Treatment and Exchange of ' Prisoners. 85
the same authority, Generals Pope and Steinwehr issued their in- famous orders, also referred to in our last report. All of these orders were so contrary to all the rules of civilized warfare, and especially to those adopted by the Federal authorities themselves, that on August ist, 1862 (just ten days from the date of the cartel), the Confederate authorities were driven to the necessity of issuing an order declaring, among other things, that Pope and Steinwehr and the commissioned officers of their commands, " had chosen for themselves (to use General Lee's words) the position of robbers and murderers, and not that of public enemies entitled, if captured, to be treated as prisoners of war." Later on, in the fall of that year, came the barbarous orders and conduct of Generals Milroy, Butler and Hunter, which led to the proclamations of outlawry against these officers, and directing that they and their commissioned officers should not be treated, if captured, as prisoners of war, and, there- fore, should not be exchanged, but kept in confinement.
In September, 1862, Mr. Lincoln's emancipation proclamation was issued, to take effect January ist following, which caused Mr. Davis to issue another proclamation on December 23rd, 1862, di- recting that any Federal officer who should be arrested whilst either enrolling, or in command of negroes, who were slaves, should be turned over to the authorities of the several States in which the offenses were committed, and punished for the crime of inciting servile insurrection. These several proclamations of Mr. Davis created considerable uneasiness among the Federal authorities, and furnished the very pretext for which they were doubtless longing, for either violating, or suspending, the terms of the cartel. And so, on January i6th, 1863, we find Colonel Ludlow writing to his superior, General Hitchcock, as follows:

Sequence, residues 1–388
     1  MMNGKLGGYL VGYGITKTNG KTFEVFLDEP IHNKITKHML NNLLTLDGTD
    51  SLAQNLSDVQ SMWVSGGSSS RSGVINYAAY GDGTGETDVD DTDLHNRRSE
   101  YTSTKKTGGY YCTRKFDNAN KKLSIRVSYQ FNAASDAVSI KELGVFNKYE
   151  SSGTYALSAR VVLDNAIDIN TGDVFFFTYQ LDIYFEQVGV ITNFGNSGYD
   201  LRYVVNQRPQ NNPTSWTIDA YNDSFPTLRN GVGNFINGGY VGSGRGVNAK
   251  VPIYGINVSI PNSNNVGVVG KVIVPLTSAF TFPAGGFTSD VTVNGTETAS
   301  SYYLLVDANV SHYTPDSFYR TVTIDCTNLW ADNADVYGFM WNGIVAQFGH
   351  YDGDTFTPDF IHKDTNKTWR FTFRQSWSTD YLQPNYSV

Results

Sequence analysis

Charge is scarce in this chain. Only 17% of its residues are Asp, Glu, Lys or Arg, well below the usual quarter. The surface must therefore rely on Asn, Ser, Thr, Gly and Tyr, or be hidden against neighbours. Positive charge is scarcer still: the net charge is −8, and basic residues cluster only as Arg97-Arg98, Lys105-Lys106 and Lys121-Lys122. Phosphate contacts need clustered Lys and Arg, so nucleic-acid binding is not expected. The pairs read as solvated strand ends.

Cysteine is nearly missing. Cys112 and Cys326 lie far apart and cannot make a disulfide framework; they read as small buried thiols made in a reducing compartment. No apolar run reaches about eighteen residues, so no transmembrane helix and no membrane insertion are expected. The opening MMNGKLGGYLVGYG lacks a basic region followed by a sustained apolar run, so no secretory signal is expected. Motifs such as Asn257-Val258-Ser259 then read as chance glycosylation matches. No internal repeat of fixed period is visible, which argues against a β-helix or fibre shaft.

"I have the honor to enclose to you a copy of the Richmond Enquirer, containing Jeff. Davis' message. His determination, avowed in most insolent terms, to deliver to the several State author- ities all commissioned officers of the United States that may here- after be captured, will, I think, be persevered in. You will remem- ber that after the proclamation of Jeff. Davis, of December 23d, 1862, I urgently advised another interview (the last one I had with Mr. Ould, and in which very important exchanges were declared). I then did so anticipating that the cartel might be broken) and wishing to make sure of the discharge from their parole of 10,000 of our men. This was effected, and in a manner so advantageous